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Prep Equipment / Re: BOSCH Universal Plus w/shredder/slicer accessory
« Last post by Essen1 on Today at 07:20:49 AM »

Good luck with the Bosch! I love mine! I think you will feel the same. I thought the slicer that fit the big bowl was discontinued too. Looks cool! Instead of the dinky plastic dough extender, look into the one-piece stainless steel dough hook. It works like a charm. Add a few of the plastic protectors that fit on top of the column they are cheap and work for keeping the dough from entering. (large batch concern only)


I'm definitely not new to the BOSCH Universal Plus. I've been using it for years, first the regular model and now the black edition. The quality, power and workmanship is outstanding, imho.

And no, the dough hook extender will not break. It's a tough piece of accessory. I can't comment on the Pro dough hook, whatever that is, but I've tried to use one of the dough hooks from the Nutrimill Artiste but it ended up touching the walls and bottom of the Bosch bowls.

I agree with Gumba to buy a few of the dough gliders if you plan to use the bowls with the column in the center.

For very large batches I prefer the bowls with the hook on the bottom. 15lbs of dough out of that one gives me roughly 22 dough balls.
Dough Clinic / Re: rise again after freezing ?
« Last post by ose on Today at 06:56:45 AM »
Wow that adds a whole new twist to the yeast situation. Not using yeast at all, but baking powder instead . I just read that too. I will have a better opinion on that after I un freeze the dough ball I have. If it re rises well then I wont try the baking powder alternative for now.
If it doesn't rise well then then I have to use more yeast to freeze a dough assuming some of the yeast doesn't reactivate after freezing. The baking powder switch does sound interesting though.
Dough Clinic / Re: Substitute for All Trumps Bleached & Bromated
« Last post by PizzaPassion on Today at 06:36:04 AM »
When the AIB (American Institute of Baking) was closing down, I recalled that the AIB had prepared a document years ago directed to potassium bromate. That led me to see if the document was in the archives of the Wayback Machine. When I saw that it was, I made a copy of the link. Here it is:


Thanks Peter. I did read the document briefly. I saw a number of cautionary comments about proper handling, testing, amount used and baking temperature that it would give me pause before using it. No doubt we could look at the same glass of water and it's either half empty or half full. Why use it if you don't need to? If your local pizza shop made buyers aware that they were using a flour that was banned in 30 different countries do you think they'd sell many pizzas? I highly doubt it. I think it's a dirty little secret of the entire industry.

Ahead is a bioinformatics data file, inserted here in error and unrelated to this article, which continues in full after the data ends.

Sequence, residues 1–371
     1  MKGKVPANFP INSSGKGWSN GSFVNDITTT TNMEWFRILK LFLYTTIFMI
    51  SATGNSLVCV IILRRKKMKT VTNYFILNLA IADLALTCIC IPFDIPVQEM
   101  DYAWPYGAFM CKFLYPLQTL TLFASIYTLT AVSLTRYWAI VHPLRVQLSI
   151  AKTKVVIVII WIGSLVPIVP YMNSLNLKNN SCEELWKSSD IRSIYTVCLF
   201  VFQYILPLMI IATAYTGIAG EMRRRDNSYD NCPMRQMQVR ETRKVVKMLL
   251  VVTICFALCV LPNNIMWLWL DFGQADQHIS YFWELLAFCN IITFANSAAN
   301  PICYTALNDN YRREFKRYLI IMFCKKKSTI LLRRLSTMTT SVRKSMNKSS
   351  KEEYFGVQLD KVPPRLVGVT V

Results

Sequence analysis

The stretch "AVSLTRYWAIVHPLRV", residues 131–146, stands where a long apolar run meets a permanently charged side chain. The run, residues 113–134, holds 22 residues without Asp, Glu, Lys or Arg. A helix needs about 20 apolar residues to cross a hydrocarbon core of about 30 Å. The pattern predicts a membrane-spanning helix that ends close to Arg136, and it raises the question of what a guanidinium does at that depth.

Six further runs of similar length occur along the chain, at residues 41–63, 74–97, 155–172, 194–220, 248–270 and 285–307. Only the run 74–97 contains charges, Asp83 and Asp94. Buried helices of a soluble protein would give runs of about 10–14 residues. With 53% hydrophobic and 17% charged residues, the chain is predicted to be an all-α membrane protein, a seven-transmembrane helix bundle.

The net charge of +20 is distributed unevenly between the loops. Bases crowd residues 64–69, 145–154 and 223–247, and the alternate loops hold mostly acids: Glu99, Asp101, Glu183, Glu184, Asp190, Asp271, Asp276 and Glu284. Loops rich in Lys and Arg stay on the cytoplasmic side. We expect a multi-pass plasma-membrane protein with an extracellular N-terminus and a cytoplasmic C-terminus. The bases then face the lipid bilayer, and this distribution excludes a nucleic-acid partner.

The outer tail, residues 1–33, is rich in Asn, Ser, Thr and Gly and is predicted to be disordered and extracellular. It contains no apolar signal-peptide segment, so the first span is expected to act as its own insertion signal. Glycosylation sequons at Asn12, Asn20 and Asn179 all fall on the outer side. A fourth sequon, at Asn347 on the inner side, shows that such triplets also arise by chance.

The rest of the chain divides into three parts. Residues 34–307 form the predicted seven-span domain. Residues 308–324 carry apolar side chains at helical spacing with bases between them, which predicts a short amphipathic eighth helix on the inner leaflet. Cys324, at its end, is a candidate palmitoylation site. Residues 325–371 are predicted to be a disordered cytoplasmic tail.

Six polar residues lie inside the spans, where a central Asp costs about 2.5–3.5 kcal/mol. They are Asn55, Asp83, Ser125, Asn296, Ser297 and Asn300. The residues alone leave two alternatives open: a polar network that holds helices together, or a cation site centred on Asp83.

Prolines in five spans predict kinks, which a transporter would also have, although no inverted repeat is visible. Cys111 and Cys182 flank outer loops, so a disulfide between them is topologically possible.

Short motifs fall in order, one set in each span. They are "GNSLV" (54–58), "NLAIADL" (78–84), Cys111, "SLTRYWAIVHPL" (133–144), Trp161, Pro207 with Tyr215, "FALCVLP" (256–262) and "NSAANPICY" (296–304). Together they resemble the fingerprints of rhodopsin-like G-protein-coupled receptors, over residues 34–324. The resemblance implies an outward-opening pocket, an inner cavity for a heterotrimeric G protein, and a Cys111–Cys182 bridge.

Shop Talk / Re: How's business?
« Last post by JWFPIZZZA on Today at 06:33:35 AM »
busy as usual. thank god  :-D
Pizza Ovens / Re: Cob oven?
« Last post by badjak on Today at 04:27:50 AM »
Very interesting thread, that I will be following.
I'm tentatively looking in building something as well, although mainly for bread.
I see that @jon in albany mentioned a dry stacked oven. I've seen some online (   https://project.theownerbuildernetwork.co/2015/07/08/build-a-dry-stack-wood-fired-pizza-oven-in-a-day/) Would they really work?
Off-Topic Foods / Re: Stuffed Zucchini with colorful bell peppers
« Last post by GumbaWill on Today at 02:33:08 AM »

Hey, Deb.
Here is one from my regional favorites collection. Are you familiar with the iconic New Haven CT. chocolate lemon pie? Well, here is my homage. How did I do?
I fear it doesn't work properly with high idration  (80%)

I agree, high hydration doughs are not Bosch's forte. However, that being said, there are ways to make it work. This pargraph gleaned from the internet explains the method.

In bread, the bassinage method makes the initial dough stiffer by holding back some of the water. After the gluten has developed, the second water is added to the dough. This method increases the amount of water that the dough can retain and produces a more open crumb.

I think it would be a boneheaded move from Bosch to discontinue the Shredder/Slicer. They might have pulled it for it to be replaced with a newer model.

Just a guess, of course.